CHELLMAN: Don’t sell extra graduation tickets

Selling extra tickets commodifies a priceless milestone and misses an important opportunity to make our University more equitable and inclusive

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For weeks, members of the Class of 2018 have been buying and selling extra graduation tickets on our class Facebook page.

Courtesy University of Virginia

Graduation is stressful. Graduates have a million things to remember, from booking hotels for our families to making dinner reservations, picking up our caps and gowns and checking that we’ve met all our academic requirements. In the insanity of our last few months at the University, it’s often easier not to question the way things have been done before or the way things are being done this year. But when it comes to the issue of selling off extra graduation tickets, we owe it to ourselves and our University to question what has been done in the past. No one who has criticized elitism at the University or cared at all about making these Grounds more equitable and accessible should feel comfortable charging money for graduation tickets. If you are fortunate enough to have extra graduation tickets, please give them away, and give a fellow student the gift of having an extra loved one watch them wear the honors of Honor.

For weeks, members of the Class of 2018 have been buying and selling extra graduation tickets on our class Facebook page. On the surface, selling tickets makes sense. Many students do not need all six Final Exercises tickets provided by the Office of Major Events, and, many other students would like to bring more than six loved ones to watch them walk the Lawn and graduate from the University. Initially, it seems logical for enterprising students with a supply of tickets to benefit from their products’ high demand by charging money to give tickets away. However, graduation should be different.

Last week, fourth-year Joey Michel called on fellow members of the Class of 2018 Facebook group to stop selling tickets and to start giving them away. He makes an important point, and it’s one that I think boils down to that question of supply and demand. There are two ways to look at the situation.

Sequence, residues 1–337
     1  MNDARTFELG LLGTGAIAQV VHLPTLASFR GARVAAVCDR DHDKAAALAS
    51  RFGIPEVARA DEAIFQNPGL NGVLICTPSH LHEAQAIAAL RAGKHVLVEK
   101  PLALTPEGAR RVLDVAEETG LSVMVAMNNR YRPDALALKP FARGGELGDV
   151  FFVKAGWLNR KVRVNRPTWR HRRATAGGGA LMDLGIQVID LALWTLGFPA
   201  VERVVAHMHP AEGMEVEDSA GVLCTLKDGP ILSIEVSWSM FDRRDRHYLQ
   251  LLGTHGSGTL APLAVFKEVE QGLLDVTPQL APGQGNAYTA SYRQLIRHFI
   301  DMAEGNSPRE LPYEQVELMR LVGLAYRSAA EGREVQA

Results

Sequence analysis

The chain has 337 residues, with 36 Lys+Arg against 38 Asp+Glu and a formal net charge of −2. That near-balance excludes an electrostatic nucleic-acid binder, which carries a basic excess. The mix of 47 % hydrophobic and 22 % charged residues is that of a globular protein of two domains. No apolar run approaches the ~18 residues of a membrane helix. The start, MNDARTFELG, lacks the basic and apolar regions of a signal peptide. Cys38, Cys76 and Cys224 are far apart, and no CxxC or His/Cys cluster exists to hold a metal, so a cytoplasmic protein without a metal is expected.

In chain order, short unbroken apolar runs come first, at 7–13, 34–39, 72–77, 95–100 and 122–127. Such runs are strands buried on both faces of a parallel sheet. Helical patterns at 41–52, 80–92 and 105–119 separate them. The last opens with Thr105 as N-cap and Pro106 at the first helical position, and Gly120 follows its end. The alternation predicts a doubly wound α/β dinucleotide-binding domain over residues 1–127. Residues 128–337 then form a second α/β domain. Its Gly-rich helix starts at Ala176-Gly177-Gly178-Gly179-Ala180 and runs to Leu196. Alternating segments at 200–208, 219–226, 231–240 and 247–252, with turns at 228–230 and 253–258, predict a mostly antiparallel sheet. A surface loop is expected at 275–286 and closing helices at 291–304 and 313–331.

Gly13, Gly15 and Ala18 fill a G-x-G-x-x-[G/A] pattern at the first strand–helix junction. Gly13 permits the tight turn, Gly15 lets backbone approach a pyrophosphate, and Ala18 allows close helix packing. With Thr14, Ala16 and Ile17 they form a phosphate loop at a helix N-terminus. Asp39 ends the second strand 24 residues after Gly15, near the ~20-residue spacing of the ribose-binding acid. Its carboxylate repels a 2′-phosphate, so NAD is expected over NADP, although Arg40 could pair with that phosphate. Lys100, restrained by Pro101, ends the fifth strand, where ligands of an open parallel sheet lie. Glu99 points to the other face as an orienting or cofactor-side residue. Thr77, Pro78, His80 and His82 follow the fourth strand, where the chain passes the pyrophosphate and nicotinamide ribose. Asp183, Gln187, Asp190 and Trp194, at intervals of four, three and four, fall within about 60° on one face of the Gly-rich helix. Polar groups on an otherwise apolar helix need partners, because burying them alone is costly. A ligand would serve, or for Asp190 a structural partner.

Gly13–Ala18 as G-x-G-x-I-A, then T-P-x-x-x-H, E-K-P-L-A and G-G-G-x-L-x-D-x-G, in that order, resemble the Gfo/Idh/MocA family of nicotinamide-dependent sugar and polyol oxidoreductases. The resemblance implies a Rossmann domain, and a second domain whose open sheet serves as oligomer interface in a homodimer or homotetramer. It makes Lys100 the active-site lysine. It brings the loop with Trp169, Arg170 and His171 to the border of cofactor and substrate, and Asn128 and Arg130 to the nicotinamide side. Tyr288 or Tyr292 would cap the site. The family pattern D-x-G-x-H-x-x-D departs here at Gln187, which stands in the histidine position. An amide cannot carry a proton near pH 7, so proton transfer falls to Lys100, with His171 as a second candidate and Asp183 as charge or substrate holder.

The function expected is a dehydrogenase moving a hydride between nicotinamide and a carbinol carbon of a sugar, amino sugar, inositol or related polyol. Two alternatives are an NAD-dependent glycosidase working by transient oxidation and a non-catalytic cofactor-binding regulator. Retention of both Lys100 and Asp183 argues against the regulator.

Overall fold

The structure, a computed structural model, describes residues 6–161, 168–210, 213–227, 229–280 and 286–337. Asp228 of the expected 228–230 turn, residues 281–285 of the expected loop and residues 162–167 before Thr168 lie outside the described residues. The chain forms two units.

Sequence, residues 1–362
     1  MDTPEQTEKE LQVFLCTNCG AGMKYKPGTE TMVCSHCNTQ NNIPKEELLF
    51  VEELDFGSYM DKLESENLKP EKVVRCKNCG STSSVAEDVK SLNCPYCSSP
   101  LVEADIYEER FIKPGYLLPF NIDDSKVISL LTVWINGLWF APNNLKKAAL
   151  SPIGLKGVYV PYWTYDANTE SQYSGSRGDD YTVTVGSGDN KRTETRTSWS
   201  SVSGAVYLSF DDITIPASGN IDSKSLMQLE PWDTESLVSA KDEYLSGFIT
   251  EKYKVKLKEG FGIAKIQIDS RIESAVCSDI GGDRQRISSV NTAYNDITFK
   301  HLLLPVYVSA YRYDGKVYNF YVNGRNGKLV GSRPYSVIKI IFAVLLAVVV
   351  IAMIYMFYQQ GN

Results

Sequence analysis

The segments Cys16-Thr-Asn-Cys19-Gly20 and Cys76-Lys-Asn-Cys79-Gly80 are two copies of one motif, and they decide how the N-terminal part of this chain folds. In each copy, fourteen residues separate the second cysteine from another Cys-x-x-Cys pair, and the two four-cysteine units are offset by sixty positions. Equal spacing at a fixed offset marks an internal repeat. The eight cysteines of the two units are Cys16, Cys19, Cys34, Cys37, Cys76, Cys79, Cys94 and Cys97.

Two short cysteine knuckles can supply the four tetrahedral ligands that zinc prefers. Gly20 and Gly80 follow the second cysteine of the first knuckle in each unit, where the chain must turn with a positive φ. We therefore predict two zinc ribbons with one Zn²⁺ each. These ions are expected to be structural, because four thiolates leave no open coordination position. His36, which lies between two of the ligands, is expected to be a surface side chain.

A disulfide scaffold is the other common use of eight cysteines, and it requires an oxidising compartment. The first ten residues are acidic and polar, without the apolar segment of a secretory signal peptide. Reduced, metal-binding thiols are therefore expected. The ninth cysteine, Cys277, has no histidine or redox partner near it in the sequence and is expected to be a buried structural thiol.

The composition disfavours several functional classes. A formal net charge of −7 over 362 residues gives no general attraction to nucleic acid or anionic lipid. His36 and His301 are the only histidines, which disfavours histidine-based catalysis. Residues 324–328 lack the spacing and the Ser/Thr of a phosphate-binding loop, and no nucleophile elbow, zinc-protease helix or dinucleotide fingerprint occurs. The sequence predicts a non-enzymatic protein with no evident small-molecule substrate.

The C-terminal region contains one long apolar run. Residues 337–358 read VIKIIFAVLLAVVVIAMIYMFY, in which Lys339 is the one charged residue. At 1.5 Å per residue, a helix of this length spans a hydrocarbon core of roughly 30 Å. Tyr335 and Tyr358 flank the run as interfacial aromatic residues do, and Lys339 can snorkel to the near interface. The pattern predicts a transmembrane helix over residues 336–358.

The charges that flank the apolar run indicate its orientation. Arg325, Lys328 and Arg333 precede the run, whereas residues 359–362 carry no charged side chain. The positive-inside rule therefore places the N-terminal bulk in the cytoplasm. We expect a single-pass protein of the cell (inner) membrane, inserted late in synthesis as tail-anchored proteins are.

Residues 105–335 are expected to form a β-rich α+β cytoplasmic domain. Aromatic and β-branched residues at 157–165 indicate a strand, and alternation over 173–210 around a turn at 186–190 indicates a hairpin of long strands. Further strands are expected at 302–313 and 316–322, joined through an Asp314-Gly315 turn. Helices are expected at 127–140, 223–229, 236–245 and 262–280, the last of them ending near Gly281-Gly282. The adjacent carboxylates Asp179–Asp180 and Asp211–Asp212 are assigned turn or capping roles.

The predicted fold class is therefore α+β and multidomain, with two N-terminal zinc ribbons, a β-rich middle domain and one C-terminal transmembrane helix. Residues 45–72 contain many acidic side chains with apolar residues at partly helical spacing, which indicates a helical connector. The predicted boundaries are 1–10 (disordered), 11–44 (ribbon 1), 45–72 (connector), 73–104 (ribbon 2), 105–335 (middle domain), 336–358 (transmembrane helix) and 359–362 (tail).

The first is to realize that there cannot be a high demand for the graduation ticket “product” because there is no real “product” at all. Fourth-year students have done nothing to earn or produce the six graduation tickets they’ve been issued. And they’ve done nothing to earn or devise the number of their loved ones available to attend Final Exercises. How can we claim extra tickets as a product which we have the right to sell when they are not really ours at all?

A second perspective on the “market” for graduation tickets perhaps addresses the issue more appropriately. Let’s assume there is a product which we have the right to sell. What exactly should we call that product? We’re selling graduation tickets, yes, but that really means we’re selling something inherently priceless. We’re selling a family the opportunity to be with their child on a day for which they’ve worked for over two decades. We’re selling a child the opportunity to share their joy and pride and accomplishment with the people they love most in the world. We’re commodifying a person’s walk out into the world, auctioning off a moment into which families and students have poured so much of their time, energy, and resources to achieve. And if we’re selling these things, we’re also threatening to hold all that back. We’re seeing the vast web of significance into which our walk down the Lawn is woven. And we’re slicing through that web, or we’re threatening to without the proper monetary compensation.

I do not intend to condemn or shame those who have already sold or offered to sell extra graduation tickets. The precedent for selling extra tickets was established long before the Class of 2018, and many students do not have the privilege of turning down opportunities to make some extra money. Instead, we should condemn the precedent — stop selling tickets now if you can, and encourage those who will graduate after us to avoid the practice from the start. Many of us have spent our time at this University working to make it a better or more open or more inclusive place. Even more of us understand how much more work still needs to be done. As we leave so much of that work to the students of the future, we can prove our commitment to that work in one more way. Give away any extra graduation tickets you have, and open that last walk down the Lawn to as many of our loved ones as possible.

Jack Chellman is an Opinion columnist for The Cavalier Daily. He can be reached at opinion@cavalierdaily.com.

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